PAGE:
Monday, March 29, 2010

Internal Dialogue

As written on my blog at the Christ the King, Wilbraham website:

The last two weeks have sort of been a mini-transition period for me: as my work with the US Census begins to wind down and I finish up the last of my seminary applications, the central narrative of my life has begun to shift from “Wow I’m so tired” (see my March 17th blog post) to “So what do I do next?”  For one, I’m extremely excited for my immersion experience at Christ the King to be my only major focus going forward, but I’m also excited to have the mental space to improve myself in others ways.

An area for self-improvement became quite clear to me last week after preaching a sermon the previous Sunday.  Immediately following the sermon, I frankly didn’t think I did all that well… I thought I had a strong message to convey, but I doubted I conveyed it very strongly.  What really upset me though was not that I thought I gave a lousy sermon, but instead the reason why I thought I gave a lousy sermon.  I always loved speaking to large groups (both politically during my time in Washington and spiritually at Calumet) but over the past couple years I began to dislike “being the guy up front.”   I felt much less confident than I used to, and I blamed that lost of confidence on a number of experiences… losing my mother to lung cancer, being (falsely) diagnosed with cancer myself and being unemployed for roughly two months after I left Thrivent Financial (amongst other things).  I came out of my sermon really angry with myself for losing my self-confidence and thus not preaching/ speaking as well as I used to.  In a more general sense, I was angry that despite many recent successes, my confidence still wasn’t what it used to be.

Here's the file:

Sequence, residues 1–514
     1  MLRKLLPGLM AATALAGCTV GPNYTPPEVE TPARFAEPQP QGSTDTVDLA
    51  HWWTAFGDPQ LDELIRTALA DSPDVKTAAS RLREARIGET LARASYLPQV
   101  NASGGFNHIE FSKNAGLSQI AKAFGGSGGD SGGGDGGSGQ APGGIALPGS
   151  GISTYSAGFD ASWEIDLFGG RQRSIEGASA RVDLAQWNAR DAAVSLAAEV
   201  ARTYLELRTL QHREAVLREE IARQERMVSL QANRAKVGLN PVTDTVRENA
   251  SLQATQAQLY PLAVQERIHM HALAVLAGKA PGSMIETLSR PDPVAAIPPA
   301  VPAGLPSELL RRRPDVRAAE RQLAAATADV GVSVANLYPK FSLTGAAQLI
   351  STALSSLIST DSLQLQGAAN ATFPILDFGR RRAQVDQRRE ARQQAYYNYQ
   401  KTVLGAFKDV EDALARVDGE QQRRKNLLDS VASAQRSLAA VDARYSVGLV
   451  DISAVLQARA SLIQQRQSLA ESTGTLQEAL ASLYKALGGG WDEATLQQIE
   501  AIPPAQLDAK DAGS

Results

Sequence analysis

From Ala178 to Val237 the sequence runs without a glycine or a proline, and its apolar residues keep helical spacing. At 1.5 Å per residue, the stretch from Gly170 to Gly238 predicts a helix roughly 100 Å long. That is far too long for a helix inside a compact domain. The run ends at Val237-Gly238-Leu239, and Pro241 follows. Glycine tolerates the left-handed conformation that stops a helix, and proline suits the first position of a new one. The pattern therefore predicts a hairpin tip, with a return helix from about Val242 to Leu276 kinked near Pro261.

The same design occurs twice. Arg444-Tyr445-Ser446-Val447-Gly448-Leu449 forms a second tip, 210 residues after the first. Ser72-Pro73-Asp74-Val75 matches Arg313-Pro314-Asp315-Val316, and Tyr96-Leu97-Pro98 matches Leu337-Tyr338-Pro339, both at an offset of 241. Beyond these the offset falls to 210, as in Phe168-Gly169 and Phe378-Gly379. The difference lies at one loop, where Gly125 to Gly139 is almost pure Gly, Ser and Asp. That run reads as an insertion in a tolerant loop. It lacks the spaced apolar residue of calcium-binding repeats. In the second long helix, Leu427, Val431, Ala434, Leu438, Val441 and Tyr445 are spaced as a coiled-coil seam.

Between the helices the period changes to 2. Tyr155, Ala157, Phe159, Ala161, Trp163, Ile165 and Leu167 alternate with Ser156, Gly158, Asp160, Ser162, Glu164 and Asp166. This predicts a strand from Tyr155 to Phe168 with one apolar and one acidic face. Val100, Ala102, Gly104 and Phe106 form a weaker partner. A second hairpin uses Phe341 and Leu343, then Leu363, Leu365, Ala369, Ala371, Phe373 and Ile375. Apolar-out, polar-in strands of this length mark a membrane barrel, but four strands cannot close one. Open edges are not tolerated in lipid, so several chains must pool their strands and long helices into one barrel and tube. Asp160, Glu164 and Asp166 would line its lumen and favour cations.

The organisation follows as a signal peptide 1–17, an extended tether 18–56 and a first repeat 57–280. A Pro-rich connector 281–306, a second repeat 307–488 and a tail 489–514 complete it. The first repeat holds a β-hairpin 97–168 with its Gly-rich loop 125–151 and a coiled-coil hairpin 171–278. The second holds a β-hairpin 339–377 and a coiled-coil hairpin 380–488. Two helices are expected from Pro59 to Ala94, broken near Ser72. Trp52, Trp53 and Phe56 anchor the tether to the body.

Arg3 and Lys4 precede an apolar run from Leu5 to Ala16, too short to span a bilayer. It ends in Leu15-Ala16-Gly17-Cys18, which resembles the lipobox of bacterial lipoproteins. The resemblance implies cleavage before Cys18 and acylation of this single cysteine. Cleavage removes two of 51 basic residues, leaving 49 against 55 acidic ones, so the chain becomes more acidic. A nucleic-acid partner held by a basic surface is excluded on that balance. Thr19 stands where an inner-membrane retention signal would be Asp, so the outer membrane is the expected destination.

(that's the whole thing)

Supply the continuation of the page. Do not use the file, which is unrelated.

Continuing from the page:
Last Monday when I arrived at CTK Pastor Sara let me know a few folks had told her I gave a good sermon, but more importantly, they had told her some specific things they got out of my sermon.   I was told the day before after worship that I had done a good job, but I assumed people were just being nice.  Given that people were able to name some pretty specific things they got out of the sermon though, I began to think that maybe it wasn’t that bad after all.  Similarly, last Tuesday a supervisor at the census office asked me to continue on in a different leadership position once my recruiting job ended… all along I had thought I was doing alright working with the US Census, but I never thought I was doing a great job… turns out it was good enough to be asked to supervisor others.

The following passage from Isaiah illuminates what I started to realized after both incidents:

You shall seek those who contend with you, but you shall not find them; those who war against you shall be nothing at all. For I, the Lord you God, hold your right hand; it is I who say to you, “Do not fear, I will help you” (Isaiah 41: 12 – 13).

While some tough stuff happened to me in the last two years, it wasn’t those things that kept me not feeling very good about myself.   Much like in the Bible verse above, many of my issues were things I simply made up… those things warring against me were internal, not external; I was caught in a cycle of being way too hard on myself, and being more cognizant of that negative internal dialogue seems like a great goal to have over the next month.  Just coming to that realization has helped improve my self-confidence a great deal already, in only five days.

This blog post is getting a bit long, but as a quick illustration think of your child, a kid in your Sunday school class or frankly just anyone else misbehaving.  How often does yelling or being really harsh with that child or person help them to improve?  It might scare them into obedience, but only real constructive criticism and encouragement works to foster personal growth.  I suspect that many folks have a similarly negative internal dialogue to my own… if we’re gentle with others to create a nurturing environment for growth, why is it often so hard to be similarly gentle with ourselves? What does God want our internal dialogue to sound like? Just something to think about ☺

God’s peace,

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